If I were not a lethally generous guy, I would not be writing this. If I thought that what we do was a zero-sum game, in which anything that makes my colleagues better somehow hurts me, I would keep this little gem to myself; I might even quietly put the word out that the book was a waste of time. But that’s not the sort of guy I am.
A couple of weeks ago I happened upon Matthew Butterick’s Typography for Lawyers website. Butterick is a Harvard-educated typographer and a UCLA-educated lawyer. Here’s the premise behind his treatment of typography for lawyers:
Even though the legal profession depends heavily on writing, legal typography is often poor. Some blame lies with the strict typographic constraints that control certain legal documents (e.g. court rules regarding the format of pleadings). But the rest of the blame lies with lawyers. To be fair, I assume this is for lack of information, not lack of will.
Typography is the art of making documents work well. Butterick makes the case for lawyers learning some typography: it is a necessary tool for holding readers’ attention. Filing an important document without considering how it looks is like (in Butterick’s words) showing up for an oral argument dressed in jeans and sneakers, then slouching at the lectern, eyes cast downward, while reading from a script in a monotone.
Easily persuaded that form matters, I incorporated some of Butterick’s suggestions into my documents. I chose a new font (and bought the real small caps). I starting using smaller point sizes and larger margins. I set up Microsoft Word’s styles to make changing formatting details of one portion of a document easier. It was like word-geek Christmas. Then Jason Wilson emailed: would I like a copy of Butterick’s book, hot off the Jones-McClure presses?
Is a frog waterproof?
I received the book, and devoured it immediately. Broken down into basic rules and advanced rules in each of the areas of type composition, text formatting, and page layout, it lists 28 key rules on the front flyleaf. A passing familiarity with just a few of those 28 rules (put one space between sentences; use curly quotation marks; don’t confuse hyphens with dashes) would make 99% of the motions and briefs I’ve ever seen much more readable. But the book will give much more than a passing familiarity. For each rule (many of which are broad guidelines) Butterick provides a rationale and examples, as well as instructions for accomplishing the desired effect with WordPerfect, Word, and Pages.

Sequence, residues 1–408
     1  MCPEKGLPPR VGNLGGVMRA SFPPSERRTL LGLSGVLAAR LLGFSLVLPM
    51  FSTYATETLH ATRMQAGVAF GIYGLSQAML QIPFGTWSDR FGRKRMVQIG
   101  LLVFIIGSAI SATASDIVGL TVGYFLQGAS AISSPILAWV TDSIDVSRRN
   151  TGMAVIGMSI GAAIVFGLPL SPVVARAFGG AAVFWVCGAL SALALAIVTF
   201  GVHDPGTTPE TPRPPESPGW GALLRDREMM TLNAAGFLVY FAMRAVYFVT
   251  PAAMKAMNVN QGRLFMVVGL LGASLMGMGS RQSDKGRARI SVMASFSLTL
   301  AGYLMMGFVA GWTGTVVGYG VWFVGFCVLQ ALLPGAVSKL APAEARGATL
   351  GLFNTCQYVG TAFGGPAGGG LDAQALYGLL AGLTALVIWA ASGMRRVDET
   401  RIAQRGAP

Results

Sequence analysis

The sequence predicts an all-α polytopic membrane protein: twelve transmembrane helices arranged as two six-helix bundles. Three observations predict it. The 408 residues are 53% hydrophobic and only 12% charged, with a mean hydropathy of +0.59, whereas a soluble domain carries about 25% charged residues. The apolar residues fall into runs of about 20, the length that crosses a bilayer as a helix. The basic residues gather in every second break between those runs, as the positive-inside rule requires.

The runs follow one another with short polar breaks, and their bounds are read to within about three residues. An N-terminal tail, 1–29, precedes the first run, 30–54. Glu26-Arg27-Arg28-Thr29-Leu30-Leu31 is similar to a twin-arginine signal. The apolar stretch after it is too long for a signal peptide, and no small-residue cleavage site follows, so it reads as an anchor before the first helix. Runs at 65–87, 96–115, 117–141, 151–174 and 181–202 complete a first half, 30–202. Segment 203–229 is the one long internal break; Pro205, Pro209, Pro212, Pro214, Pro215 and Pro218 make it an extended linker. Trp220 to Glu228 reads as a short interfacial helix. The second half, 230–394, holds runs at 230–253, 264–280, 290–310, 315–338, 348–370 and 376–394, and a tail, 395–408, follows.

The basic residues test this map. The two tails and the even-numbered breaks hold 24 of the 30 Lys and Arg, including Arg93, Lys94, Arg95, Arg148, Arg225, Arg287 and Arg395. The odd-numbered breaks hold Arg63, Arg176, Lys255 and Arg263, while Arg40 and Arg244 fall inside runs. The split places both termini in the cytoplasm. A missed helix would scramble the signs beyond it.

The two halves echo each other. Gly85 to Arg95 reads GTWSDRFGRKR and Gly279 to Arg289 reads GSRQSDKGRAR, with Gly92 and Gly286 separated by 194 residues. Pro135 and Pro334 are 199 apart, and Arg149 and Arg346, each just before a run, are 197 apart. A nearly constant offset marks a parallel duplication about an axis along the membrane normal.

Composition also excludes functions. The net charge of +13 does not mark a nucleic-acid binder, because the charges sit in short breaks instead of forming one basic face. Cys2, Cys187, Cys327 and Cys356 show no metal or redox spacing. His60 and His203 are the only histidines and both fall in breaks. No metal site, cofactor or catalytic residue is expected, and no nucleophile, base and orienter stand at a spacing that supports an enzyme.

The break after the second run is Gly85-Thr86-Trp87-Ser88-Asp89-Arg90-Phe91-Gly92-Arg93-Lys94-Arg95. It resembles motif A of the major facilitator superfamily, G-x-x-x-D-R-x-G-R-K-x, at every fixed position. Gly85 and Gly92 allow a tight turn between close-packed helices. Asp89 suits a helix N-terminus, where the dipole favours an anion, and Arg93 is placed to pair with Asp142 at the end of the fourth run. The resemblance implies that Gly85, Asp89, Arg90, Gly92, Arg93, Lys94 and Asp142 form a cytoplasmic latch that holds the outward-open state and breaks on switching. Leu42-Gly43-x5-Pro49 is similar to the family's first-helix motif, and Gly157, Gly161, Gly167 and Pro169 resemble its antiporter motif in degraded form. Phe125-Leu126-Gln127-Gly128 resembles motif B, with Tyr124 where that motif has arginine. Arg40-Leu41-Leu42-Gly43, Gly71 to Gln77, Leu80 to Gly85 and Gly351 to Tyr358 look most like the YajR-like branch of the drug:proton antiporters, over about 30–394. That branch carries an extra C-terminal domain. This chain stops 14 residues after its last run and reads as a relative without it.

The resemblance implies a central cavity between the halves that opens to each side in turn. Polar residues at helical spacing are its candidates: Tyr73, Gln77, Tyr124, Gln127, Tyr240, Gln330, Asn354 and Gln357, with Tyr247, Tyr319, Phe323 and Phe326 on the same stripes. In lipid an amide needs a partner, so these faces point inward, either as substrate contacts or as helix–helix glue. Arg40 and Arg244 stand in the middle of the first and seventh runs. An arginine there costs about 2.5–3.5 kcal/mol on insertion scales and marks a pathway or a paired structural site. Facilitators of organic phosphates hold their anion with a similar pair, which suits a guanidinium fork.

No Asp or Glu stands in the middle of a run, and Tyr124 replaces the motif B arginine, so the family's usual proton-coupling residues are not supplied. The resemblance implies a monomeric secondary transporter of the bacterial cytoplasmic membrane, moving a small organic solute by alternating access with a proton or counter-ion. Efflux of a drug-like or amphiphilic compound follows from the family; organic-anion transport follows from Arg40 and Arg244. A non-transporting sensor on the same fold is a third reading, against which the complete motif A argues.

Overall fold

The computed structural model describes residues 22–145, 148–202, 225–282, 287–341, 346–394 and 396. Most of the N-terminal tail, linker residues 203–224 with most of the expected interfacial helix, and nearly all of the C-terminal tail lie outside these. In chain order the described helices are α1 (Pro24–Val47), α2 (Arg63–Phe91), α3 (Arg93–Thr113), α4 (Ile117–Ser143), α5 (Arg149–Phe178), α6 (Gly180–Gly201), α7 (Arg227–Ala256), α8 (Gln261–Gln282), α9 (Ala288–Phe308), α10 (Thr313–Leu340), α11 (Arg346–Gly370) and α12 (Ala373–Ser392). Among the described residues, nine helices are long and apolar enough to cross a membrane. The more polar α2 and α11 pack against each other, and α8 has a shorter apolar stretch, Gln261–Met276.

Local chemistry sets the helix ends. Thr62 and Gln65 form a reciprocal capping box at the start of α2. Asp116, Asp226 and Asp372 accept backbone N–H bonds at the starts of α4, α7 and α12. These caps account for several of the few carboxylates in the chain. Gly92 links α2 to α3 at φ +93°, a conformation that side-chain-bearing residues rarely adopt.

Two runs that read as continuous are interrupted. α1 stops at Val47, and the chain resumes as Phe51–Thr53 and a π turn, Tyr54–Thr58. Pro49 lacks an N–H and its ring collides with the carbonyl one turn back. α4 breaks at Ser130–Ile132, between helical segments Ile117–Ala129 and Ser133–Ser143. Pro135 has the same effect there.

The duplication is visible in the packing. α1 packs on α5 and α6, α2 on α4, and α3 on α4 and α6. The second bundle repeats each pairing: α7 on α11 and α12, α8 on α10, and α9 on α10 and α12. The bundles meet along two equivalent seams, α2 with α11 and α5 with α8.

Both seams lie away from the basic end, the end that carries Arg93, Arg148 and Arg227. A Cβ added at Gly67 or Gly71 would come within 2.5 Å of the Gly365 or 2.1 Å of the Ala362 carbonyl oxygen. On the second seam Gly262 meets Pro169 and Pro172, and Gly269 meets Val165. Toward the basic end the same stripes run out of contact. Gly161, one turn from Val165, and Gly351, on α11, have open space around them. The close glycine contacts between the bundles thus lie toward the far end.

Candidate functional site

I’ve got a Petition for Discretionary Review to the Court of Criminal Appeals due on Wednesday, and I put what I absorbed from the book to work making the words easier to read, within the hampering limits of the court’s rules (13-point type, where smaller fonts are easier to read; double-spaced text, where less-than-1.5× spacing is optimal). I fixed my line spacing (Word’s “double” spacing is actually about 233-percent spacing), applied real small caps judiciously, adjusted spacing before and after paragraphs, converted ersatz ellipses to the character designed for the purpose … and the tweaks go on and on as I learn typography by trying it out, printing it, and refining it, all the while setting up paragraph and character styles that I can easily import into the next appellate pleading.
If I were designing the cover of Typography for Lawyers, it would be Typography for Lawyers. While lawyers are the largest market for a book on typography, and while the examples in Butterick’s book come from the law, the rules, suggestions, and advice in the book would be as beneficial to anyone in the business of publishing on any scale (I look forward especially to seeing some of Butterick’s typographic knowledge incorporated into the Jones-McClure books that I buy yearly). The book is aimed at lawyers, but the typography is not for lawyers; it is just typography.
Speaking of lethal generosity, before Typography for Lawyers became a book Butterick published much of it on his website. Order the book, and read the website while you wait for its arrival: “much” is not all, and the depth and breadth of the book’s content compared to the website’s, as well as the tactile and visual pleasures of a well laid-out book, make it well worthwhile.
I’m ordering copies of Typography for Lawyers for the lawyers I collaborate with. The rest of you will have to buy your own.